1973: the year in which his daughter was born was also Heaney’s first late winter/ early spring experience in Glanmore cottage: the family has lived there for scarcely half a year. The poet’s Curriculum Vitae now reads ‘Occupation: poet’ … he is self-employed with a growing family to feed, without a regular University Lecturer’s salary coming in and with bills to pay. He has no alternative but to get on with the job!
March came in like a lion: confined to his work-desk the poet is conscious of winds on creaking roofs (corrugated iron growled like thunder); then Spring in the air (the year turned warmer), when the sick ventured out and shoots appeared (invalids and bulbs came up from under).
For a poet with deadlines to meet, however, winter dragged on (I hibernated on behind the dormer) preoccupied (staring), seeing the world outside through shaken branches; cut off as his ailing father would be from society (dissociated); rendered oblivious to the passing of time (chloroformed) in a poisonous reek of cigarette smoke and dropped ash.
Lent witnessed no respite from the weather (also like a lion). Heaney has lost weight (sinewy) is driven by the pangs of hunger (wiId for discipline) … poetic composition precedes bodily sustenance (a fasted will marauding through the body) … man showing reckless disregard for health (taunted it with scent of nicotine) and chain smoking (lit one off another).
The poet in hibernation begins to awaken (stirred) and feels replenished (rash). Around him is the den to which he confined himself (the deep litter of the study) filled with the the crumpled sheets of drafts and sundry writerly detritus.
DOD (235) Heaney regarded the cottage as workspace, first and foremost… also a retreat. It remained what it always had been, the poetry house. It’s a silence bunker, a listening post, a holding, in every sense of that word. It holds meaning and things, and even adds meaning … the imagination pressing back against the pressures of reality.
- corrugated iron: metal shaped with ridges and grooves for strength;
- growl: low, hostile sound;
- bulbs: underground plant corms that lie dormant over the winter;
- up from under: emerge from beneath the ground or blanket;
- hibernate: spend the winter in a dormant state;
- dormer: roof window projection;
- dissociated: from Latin ‘separated from companionship’, working alone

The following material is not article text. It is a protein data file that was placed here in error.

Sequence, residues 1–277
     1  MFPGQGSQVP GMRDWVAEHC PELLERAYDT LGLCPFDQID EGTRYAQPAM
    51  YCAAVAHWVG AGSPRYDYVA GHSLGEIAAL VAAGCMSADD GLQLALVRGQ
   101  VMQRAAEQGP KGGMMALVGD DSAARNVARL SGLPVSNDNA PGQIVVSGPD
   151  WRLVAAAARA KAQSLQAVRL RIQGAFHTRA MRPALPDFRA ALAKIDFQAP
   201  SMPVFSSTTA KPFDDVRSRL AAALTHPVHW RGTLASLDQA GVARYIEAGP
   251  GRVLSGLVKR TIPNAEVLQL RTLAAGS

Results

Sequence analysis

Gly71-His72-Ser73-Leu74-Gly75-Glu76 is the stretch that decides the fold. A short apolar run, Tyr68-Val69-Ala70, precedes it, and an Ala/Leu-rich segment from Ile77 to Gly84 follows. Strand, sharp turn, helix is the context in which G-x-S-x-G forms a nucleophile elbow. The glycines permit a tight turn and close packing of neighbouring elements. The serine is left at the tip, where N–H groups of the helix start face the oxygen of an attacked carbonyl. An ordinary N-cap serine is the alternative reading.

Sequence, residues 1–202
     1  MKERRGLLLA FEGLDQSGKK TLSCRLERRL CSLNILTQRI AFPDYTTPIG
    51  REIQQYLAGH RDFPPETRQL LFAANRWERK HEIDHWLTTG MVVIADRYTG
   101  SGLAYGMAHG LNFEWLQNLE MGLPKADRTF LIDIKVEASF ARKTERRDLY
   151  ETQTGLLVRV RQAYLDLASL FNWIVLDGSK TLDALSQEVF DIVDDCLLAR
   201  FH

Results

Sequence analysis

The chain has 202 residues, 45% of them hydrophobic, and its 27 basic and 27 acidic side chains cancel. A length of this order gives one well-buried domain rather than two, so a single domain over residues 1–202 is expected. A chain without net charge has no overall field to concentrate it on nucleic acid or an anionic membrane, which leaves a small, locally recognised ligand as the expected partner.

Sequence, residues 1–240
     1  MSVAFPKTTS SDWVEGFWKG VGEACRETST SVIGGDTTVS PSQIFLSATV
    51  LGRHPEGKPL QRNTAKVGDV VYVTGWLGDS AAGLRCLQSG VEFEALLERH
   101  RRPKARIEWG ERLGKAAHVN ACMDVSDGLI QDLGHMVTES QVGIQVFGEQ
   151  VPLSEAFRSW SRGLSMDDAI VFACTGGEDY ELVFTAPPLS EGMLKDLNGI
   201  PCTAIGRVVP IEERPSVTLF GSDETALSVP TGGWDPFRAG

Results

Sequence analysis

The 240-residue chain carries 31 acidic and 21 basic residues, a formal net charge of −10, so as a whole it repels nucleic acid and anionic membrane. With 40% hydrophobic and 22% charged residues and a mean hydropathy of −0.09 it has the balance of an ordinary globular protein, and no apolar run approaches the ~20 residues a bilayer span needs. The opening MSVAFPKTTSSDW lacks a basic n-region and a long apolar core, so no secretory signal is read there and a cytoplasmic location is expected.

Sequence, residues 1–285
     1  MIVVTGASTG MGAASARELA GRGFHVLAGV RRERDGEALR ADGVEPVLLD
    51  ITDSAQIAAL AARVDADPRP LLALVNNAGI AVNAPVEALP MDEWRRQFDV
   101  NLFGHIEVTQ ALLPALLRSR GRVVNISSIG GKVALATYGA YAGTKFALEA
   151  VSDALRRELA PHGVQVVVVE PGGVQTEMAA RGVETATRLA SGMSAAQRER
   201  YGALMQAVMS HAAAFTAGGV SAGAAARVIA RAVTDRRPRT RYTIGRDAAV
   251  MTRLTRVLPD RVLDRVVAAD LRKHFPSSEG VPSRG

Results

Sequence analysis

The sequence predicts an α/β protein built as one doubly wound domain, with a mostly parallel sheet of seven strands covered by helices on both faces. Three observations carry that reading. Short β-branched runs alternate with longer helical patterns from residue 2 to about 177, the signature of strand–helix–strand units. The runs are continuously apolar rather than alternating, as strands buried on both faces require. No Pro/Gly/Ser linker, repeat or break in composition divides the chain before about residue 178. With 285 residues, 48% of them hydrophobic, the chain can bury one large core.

- ailing farmer: Heaney’s sick father
- chloroformed: numbed, insensitive to the farming calendar:
- reek: strong, unpleasant smell;
- Lent: Christian period of abstinence preceding Easter;
- sinewy: lean and muscular;
- taunt: provoke, tease;
- rash: reckless, impetuous, headstrong;
- sonnet (8 + 6); volta after l.8 moves the poem from ambient to metaphorical;
- lines based on 10 syllables; initial abab rhyme pattern is not sustained;
- 3 sentence structure ( including semi-colon); balance between punctuation and enjambed lines indicates the poem’s intended flow;
- lion vocabulary echoes; vocabulary of self-preoccupation and the odours of smoking
- poet/lion metaphor extended;
- simile ‘growled like thunder’;
- neat use of preposition ‘up from under’;
- Lent introduces a religious twist;
- zeugma effect: the sick and nature linked to the same verb ‘came up’
- Heaney is a meticulous craftsman using combinations of vowel and consonant to form a poem that is something to be listened to.
- the music of the Glanmore sonnets: thirteen assonant strands are woven into the 7 texts; Heaney places them grouped within specific areas to create internal rhymes , or reprises them at intervals or threads them through the text:
- alliterative effects allow pulses or beats, soothings or hissings or frictions of consonant sound to modify the assonant melodies; this is sonic engineering of the first order;
- for example, the lines might interweave bilabial plosives [b][p], front-of-mouth sounds [f] [h] [y] [w] and sibilant variants [s] [z] [ts]; the sounds will be heard as the poem is read;
- a full breakdown of consonant sounds and where in the mouth they are formed is to be found in the Afterthoughts section;